“After accounting for discounts and rebates, medicine spending growth in 2016 dipped into the low single digits, with growth rates between 2 and 5 percent,” Campbell added. “National Health Expenditure (NHE) projections released by the Centers for Medicare & Medicaid Services found medicine spending grew only 5 percent in 2016 and medicine spending and total health care spending are projected to grow by approximately 6 percent annually over the next decade.
“In addition, several pharmacy benefit managers have stated prescription medicine costs grew just 3-4 percent in 2016 – in line with overall health care cost growth.”
The advent of specialty medications has proved challenging for pharmacists as well as consumers and health insurers, said Eric Roath, a pharmacist and director of professional practice at the Michigan Pharmacists Association.
The cost of those drugs is so high that it’s hard for pharmacies to afford to keep them in stock. Obtaining prior authorization from insurance companies also can be arduous and time consuming. And more time is required to counsel patients on things like potential side effects, or how to take their medication.
“It’s a lot more than just making sure the patient has access,” Roath added. “It’s hard for the patients who don’t understand (the process). They’re coming in with their prescription, and then to say ‘Your insurance doesn’t cover this’ or ‘It’s going to be 48 or more hours before you can get this,’ can be difficult. It’s really hard from a patient care standpoint.”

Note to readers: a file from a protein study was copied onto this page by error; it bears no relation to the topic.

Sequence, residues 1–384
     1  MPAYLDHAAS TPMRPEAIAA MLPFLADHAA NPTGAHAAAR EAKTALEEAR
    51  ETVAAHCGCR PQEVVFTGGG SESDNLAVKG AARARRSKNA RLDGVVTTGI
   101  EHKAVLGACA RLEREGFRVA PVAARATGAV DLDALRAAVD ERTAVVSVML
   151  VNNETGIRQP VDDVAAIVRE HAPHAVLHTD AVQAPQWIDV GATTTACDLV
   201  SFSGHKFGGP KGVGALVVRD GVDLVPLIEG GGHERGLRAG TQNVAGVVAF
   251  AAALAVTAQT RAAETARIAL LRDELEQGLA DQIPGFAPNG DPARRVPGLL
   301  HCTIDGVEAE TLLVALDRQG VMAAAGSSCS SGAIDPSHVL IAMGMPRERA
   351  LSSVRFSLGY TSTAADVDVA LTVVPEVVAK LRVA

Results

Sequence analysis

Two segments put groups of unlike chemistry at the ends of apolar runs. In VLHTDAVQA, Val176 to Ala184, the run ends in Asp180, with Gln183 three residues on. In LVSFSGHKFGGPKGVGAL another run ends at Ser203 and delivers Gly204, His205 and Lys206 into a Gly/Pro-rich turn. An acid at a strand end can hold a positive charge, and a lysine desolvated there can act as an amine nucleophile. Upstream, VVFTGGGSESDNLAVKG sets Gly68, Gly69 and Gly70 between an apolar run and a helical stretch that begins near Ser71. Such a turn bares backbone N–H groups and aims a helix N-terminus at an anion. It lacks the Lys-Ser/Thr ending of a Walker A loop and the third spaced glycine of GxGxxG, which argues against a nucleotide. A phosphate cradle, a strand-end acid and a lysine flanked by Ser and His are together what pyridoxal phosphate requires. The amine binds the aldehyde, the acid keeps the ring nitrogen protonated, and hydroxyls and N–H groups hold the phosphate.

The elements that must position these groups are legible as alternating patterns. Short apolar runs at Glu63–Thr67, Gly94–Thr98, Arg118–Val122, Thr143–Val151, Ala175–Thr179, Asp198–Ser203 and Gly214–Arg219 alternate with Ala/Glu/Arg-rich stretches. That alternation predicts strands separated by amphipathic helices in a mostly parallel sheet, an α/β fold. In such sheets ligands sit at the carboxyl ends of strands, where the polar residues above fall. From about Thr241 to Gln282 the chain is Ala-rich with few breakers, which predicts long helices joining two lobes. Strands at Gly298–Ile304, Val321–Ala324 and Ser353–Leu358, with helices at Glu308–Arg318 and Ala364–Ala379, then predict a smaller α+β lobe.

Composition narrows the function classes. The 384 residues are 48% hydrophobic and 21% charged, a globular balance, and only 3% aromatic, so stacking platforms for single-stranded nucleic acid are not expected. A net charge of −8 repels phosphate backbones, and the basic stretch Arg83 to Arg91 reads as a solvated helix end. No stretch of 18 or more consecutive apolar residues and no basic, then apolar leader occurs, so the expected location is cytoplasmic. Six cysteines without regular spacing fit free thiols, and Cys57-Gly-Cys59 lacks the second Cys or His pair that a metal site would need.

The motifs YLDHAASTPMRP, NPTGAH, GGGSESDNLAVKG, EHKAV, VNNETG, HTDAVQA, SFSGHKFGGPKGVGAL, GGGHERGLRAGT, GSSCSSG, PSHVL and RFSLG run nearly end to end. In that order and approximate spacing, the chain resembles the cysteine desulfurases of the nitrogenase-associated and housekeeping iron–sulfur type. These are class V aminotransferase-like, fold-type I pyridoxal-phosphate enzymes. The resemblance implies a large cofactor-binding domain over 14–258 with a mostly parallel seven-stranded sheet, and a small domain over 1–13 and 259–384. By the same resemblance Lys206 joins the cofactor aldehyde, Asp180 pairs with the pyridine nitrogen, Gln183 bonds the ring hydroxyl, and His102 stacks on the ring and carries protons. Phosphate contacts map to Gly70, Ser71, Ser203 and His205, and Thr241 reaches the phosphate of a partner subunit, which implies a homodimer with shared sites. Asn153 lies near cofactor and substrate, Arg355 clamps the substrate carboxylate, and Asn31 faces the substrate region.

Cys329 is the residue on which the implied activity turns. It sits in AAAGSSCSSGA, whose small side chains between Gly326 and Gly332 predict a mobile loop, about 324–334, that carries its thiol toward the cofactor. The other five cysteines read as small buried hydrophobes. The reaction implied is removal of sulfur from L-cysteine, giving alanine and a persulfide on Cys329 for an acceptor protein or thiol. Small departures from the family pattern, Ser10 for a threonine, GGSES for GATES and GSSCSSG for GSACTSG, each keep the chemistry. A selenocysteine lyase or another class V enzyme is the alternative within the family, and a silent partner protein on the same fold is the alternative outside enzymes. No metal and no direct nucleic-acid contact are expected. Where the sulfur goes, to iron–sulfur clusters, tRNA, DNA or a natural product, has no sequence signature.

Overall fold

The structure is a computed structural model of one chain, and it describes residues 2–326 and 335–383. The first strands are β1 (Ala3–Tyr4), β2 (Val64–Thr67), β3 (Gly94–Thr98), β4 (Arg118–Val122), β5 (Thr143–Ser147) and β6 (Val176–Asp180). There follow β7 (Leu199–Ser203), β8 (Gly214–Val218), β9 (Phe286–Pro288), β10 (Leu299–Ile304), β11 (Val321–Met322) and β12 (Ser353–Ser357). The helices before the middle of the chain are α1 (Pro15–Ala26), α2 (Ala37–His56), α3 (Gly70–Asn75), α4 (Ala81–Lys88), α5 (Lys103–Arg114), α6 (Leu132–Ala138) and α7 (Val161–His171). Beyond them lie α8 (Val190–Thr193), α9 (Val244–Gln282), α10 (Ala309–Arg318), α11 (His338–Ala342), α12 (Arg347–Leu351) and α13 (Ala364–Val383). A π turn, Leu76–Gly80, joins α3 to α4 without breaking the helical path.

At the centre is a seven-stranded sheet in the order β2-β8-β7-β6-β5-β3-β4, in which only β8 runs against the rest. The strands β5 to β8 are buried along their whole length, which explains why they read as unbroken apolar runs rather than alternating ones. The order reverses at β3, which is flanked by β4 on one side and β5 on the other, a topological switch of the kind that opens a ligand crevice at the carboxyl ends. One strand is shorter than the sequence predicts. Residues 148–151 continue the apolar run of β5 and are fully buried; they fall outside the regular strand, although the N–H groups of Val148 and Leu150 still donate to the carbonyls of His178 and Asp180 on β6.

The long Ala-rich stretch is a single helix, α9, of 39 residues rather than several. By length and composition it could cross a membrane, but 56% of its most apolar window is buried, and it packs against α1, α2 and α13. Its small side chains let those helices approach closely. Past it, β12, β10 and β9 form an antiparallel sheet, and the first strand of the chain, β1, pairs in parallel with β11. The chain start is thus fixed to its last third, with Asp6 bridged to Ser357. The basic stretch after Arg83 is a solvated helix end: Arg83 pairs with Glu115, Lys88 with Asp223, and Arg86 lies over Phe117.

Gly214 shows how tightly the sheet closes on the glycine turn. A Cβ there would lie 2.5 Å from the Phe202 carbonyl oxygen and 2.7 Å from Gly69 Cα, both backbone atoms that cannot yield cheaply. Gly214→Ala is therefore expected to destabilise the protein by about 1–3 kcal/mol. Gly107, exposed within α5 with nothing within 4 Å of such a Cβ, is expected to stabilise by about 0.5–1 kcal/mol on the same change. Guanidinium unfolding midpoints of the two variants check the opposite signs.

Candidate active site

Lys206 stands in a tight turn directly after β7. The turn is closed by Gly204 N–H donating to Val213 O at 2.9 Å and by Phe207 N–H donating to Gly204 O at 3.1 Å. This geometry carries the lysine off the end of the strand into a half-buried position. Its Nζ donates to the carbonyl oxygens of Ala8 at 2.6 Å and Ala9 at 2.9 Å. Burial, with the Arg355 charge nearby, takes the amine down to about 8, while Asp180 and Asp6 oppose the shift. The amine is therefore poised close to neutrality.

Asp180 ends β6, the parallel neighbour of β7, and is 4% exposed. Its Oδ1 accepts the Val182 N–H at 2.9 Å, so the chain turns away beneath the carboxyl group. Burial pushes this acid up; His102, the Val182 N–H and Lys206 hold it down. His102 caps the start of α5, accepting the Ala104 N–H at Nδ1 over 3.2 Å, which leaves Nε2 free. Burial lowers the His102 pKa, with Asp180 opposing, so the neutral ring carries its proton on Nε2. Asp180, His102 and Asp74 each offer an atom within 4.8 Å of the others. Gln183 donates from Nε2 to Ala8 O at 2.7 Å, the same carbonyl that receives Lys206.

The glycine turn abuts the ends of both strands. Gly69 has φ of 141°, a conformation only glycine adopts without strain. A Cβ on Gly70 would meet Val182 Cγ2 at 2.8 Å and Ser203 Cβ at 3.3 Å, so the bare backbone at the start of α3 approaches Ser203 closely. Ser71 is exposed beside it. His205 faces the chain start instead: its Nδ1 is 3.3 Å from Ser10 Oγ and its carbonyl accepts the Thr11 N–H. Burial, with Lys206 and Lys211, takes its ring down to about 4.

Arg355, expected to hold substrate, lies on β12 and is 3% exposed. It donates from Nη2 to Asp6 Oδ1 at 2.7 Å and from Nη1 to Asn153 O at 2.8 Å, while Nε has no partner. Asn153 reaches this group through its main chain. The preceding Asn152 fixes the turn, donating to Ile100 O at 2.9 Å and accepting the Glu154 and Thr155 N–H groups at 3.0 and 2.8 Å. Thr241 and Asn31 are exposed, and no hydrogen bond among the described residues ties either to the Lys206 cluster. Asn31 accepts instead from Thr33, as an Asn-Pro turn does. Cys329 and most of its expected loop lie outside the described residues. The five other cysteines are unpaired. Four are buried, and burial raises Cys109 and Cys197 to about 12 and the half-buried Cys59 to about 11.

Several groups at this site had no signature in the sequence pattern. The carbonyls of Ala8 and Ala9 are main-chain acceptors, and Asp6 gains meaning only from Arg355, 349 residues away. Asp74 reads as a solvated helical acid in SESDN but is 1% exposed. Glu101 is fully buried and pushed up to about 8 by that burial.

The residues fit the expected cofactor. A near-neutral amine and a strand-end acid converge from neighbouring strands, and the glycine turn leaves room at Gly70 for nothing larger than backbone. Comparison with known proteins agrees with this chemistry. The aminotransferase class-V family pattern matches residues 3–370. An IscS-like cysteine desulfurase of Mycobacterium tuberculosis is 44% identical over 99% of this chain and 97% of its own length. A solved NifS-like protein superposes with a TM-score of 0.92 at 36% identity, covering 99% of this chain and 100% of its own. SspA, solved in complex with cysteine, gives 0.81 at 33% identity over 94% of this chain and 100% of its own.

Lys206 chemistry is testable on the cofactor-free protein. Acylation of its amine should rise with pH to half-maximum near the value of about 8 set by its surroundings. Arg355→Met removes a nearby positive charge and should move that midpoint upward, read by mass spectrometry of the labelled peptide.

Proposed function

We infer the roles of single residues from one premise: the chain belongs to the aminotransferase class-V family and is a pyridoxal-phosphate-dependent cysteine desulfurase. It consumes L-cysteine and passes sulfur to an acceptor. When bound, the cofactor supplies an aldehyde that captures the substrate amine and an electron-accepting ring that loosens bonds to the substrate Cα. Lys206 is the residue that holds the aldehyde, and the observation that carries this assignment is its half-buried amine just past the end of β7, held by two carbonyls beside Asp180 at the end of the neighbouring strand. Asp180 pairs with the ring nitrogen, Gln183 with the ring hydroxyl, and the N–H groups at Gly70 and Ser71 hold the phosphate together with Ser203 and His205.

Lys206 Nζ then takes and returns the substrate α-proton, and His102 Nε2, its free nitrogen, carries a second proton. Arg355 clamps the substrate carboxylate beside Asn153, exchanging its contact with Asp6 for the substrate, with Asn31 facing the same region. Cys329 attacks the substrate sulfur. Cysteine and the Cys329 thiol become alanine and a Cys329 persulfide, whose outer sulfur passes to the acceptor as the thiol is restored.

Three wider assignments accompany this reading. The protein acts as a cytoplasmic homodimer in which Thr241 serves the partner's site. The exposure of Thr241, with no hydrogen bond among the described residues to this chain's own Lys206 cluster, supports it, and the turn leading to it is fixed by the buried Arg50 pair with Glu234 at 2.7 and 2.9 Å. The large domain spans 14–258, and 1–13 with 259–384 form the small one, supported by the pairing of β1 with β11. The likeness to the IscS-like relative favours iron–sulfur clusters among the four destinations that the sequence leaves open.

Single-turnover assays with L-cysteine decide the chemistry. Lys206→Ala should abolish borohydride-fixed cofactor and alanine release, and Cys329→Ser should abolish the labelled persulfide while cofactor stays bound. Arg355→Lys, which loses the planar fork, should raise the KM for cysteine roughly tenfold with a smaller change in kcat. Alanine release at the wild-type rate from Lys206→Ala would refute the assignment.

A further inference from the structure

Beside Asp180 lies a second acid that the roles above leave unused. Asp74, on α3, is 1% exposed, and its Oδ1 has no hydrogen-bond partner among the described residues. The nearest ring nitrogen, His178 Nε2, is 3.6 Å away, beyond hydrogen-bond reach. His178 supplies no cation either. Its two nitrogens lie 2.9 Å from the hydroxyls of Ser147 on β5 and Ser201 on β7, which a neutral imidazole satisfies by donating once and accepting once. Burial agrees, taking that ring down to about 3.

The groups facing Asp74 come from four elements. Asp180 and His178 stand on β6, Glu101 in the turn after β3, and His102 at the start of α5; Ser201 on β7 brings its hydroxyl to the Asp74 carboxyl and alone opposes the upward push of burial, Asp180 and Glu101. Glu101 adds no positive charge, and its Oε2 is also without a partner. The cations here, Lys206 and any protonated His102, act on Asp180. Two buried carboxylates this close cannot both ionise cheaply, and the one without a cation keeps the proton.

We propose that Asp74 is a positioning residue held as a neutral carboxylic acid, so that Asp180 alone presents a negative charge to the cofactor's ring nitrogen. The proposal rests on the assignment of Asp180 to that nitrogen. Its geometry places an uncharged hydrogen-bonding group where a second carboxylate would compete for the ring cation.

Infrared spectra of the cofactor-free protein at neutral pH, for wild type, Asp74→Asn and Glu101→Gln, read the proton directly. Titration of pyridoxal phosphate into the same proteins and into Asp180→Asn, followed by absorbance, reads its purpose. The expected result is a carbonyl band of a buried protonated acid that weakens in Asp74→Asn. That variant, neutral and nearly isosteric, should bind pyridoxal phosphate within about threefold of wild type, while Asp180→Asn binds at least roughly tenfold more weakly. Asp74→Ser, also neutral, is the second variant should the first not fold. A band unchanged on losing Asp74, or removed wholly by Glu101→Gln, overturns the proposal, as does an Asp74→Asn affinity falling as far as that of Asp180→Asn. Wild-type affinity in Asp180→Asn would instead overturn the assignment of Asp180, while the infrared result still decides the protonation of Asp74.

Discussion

For Senderra Specialty Pharmacy, a Texas-based company that recently established a Patient Services Center in Flint, helping patients and doctors navigate prior authorization is part of their business model. The process can be so complex that doctors and patients don’t always know who’s in charge of authorizing their prescriptions.
The Flint center employs about 300 people, from patient care coordinators, to nurses, oncology specialists and pharmacists. In addition to fielding calls from patients, the center provides prior authorization assistance to 15,000 physicians nationwide.
Insurance companies often hire pharmacy benefit managers, or PBMs, to oversee the prescription portion of their health insurance policies. Recently, there has been an increased focus on PBMs across the country as their operations and effectiveness in reducing costs have come into question.
Critics contend that PBMs contribute to escalating drug costs by not passing along savings they negotiate with drug manufacturers. Anthem, a large health insurer, recently ended its contract with PBM Express Scripts, alleging the company withheld billions in savings that should have been returned to the insurer.
State Sen. Tonya Schuitmaker has introduced legislation in the Michigan Senate that would increase PBMs’ transparency about drug prices.
“We need more transparency from the PBMs,” said Schuitmaker, R-Lawton. “A number of different factors impact rising drug costs and this is an attempt to look at just one of those factors, though a broader discussion is necessary if we hope to see significant reductions in the costs of prescription drugs.”